Ruellia tuberosa

minnie root


Ruellia tuberosa

L. 1753

pronounced: roo-ELL-ee-uh too-ber-ROH-suh

(Acanthaceae — the black-eyed Susan family)


common names: minnie root, fever root, popping pod, duppy gun

Ruellia is named for Jean Ruel (1474 – 1537), French physician and botanist. He translated Dioscorides into Latin, and wrote a general botanical treatise De Natura stirpium (1536). Tuberosa is from the Latin tuberosus, full of lumps.

A common pastime of children in many of the Pacific islands is to pick the dried pods of this plant, lick them, and throw them at other unsuspecting children. The moisture in the saliva causes the pod to pop, startling the victim and covering him with seeds and half pods, in the hair if the aim was true.

The native range of the plant is in the Caribbean region, but it has now become naturalized in many parts of tropical Asia, the Pacific Islands, and Australia. In Australia it is found in the northern parts of the Northern Territory, and in north-eastern Queensland. It generally grows in or near vine thickets.

This is a perennial with a hairy stem that grows to a height of anything up to 50 or 60 cm, but is usually around 20 cm tall. It has thick finger-like roots. The stem is 4-sided, longitudinally ridged, and hairy; the simple leaves are opposite and elliptic, with petioles 5 – 7 mm long, and blades 30 – 60 by 15 – 25 mm, and numerous cigar-shaped glands visible on both sides of the blade.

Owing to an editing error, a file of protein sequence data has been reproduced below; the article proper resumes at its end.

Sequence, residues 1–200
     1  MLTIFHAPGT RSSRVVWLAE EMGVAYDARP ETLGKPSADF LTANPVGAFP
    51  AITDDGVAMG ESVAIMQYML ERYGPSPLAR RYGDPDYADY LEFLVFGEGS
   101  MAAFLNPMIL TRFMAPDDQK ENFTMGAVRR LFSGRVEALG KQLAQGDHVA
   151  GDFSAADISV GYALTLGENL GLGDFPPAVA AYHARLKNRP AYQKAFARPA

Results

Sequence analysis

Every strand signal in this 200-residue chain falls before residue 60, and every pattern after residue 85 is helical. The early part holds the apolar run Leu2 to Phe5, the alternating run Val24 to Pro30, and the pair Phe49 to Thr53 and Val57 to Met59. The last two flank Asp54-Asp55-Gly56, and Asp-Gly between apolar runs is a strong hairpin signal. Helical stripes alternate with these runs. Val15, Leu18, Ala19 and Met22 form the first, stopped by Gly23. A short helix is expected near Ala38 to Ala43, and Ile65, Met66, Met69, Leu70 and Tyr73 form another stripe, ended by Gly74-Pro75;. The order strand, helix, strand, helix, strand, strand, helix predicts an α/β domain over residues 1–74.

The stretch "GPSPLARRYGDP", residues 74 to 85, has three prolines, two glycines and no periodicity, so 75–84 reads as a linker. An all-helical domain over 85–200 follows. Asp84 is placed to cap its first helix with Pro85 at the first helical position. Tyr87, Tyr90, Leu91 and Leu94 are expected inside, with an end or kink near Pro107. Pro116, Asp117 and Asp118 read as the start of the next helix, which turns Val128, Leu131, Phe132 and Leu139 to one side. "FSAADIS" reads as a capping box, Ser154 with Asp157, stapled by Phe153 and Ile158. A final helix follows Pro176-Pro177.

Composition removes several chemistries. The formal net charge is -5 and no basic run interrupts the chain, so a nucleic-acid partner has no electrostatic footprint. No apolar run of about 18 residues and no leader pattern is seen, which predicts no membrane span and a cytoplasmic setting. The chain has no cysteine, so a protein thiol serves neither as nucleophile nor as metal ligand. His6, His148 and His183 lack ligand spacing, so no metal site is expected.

Two types of flowers are produced, normal flowers and small cleistogamous flowers. The calyx is roughly 2 cm long, the lobes linear and covered in hairs. The corolla in the normal, infundibuliform violet-coloured flowers consists of a tube about 2 – 4 cm long and 5 lobes 1 – 2 cm long, and the styles are about 2 cm long. In the cleistogamous flowers the corolla lobes are only 4 – 6 mm long.

The fruit is a cigar-shaped pod, the calyx persistent at the base, about 20 by 3 mm. It contains anything up to about 20 black seeds, and it bursts open with a bang, as mentioned above, when it gets wet, and the seeds are flung out. Each seed is about 20 by 2 mm, and clothed in hairs.

The caterpillars of some butterfly species, including the Brown Soldier (Junonia hedonia), feed on the leaves.

There are various uses for the plant in traditional medicines. An infusion of the leaves is used as a diuretic, a laxative, and for treating liver diseases. It is also said to reduce inflammation, temperature, pain, asthma, male impotence and diabetes. The roots are used to treat stomach ache, toothache, colds, hypertension, urinary tract infections and diabetes. A herbal tea made from the flowers is also used to treat hypertension.
A dye for textiles is extracted from the plant.


Concerning the Nature of Plants


Information about medicinal qualities of plants, or about their use as medicines, is for interest only, and is not intended to be used as a guide for the treatment of medical conditions.
Photographs taken in Picnic Bay 2010
Page last updated 26th March 2019